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The Pros and Cons of IT Automation

Not every solution is entirely positive, and IT automation is no exception. Understanding the benefits helps create the business case needed to gain the necessary funding to achieve greater levels of automation. Understanding the disadvantages helps manage the associated risks.

In a positive light, IT automation makes it possible to improve IT observability and scale proactive operations at the technical and customer experience levels. Operations become more proactive, cost-effectively executed, and scalable. End users enjoy a better customer experience due to increased availability, improved support, and more immediate request fulfillment. The business itself is more secure as cyber-attack prevention is more effective. IT automation is a mandate with the growth of dependence on digital services and the need to operate an extensive digital footprint with limited resources. IT automation also makes innovation possible by lowering the time technicians spend on mundane operational tasks and enabling them to have time to investigate ways to leverage IT automation to make the business more competitive.

With all the positive aspects of IT automation, two areas offer more of a challenge:

  • Lengthy implementation timeframes and time to value: This risk can be easily mitigated by adopting an agile approach. IT automation offers vast capabilities, but not all must be implemented simultaneously. Organizations should look at their current capabilities and pain points, and then put together a prioritized IT automation plan. By working in smaller components that drive immediate value, progress in both areas is made every step of the way. Where there are barriers to implementation, like excessive customization, the overarching roadmap can include returning applications to a near out of box environment before attempting IT automation.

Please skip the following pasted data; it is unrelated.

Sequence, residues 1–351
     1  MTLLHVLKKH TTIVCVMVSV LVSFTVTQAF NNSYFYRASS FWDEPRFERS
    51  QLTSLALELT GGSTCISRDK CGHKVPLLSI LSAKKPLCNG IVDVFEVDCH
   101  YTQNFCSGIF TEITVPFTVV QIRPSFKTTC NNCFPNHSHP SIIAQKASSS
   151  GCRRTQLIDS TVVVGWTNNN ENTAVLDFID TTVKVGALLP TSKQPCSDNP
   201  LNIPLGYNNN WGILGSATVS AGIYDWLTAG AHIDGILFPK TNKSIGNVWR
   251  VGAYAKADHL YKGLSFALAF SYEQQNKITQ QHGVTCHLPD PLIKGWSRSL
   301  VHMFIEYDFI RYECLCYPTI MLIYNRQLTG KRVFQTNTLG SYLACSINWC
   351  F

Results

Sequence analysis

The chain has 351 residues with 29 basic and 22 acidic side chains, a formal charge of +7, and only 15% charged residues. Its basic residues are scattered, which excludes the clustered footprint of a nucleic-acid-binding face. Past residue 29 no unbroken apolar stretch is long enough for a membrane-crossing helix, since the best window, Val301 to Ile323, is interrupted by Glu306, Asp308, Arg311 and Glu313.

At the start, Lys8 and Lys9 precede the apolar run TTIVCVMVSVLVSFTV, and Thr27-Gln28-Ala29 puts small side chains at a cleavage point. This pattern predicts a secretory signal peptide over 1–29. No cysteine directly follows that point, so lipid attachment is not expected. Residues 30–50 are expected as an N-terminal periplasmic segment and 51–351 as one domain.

• Staffing concerns are easy to deal with if considered from the start of any IT automation effort. Staff should be involved early, and changes to their roles and new opportunities should be discussed throughout the program. Training should include technical training for new automation tools and personal training for career growth.

The table below shows summarizes the pros and cons of IT automation:

IT Automation 01.jpg

The business value of IT Automation

In today's digital economy, IT automation has tremendous value, and its importance increasing with each passing day. With any technology investment, however, it's essential to keep an eye on the business value and ensure that implementation is done in a way that drives that business value. IT automation provides value in several concrete ways:

  • By streamlining operations, IT automation enables cost-effective operations of an extensive digital footprint with fewer people. Whether internal support for a large enterprise or an MSPs operation of a client environment, technical operations need to ensure availability, security, and ability to grow.

  • The business benefits from IT automation with high service availability and performance, as well as through innovation. Technology can become a competitive advantage when staff has more time to focus on the business. 

  • Employee Effectiveness increases with IT automation. Business unit employees can work more effectively as their technology is not a barrier to performance, and technicians can focus on work that provides business value without constant operational interruptions.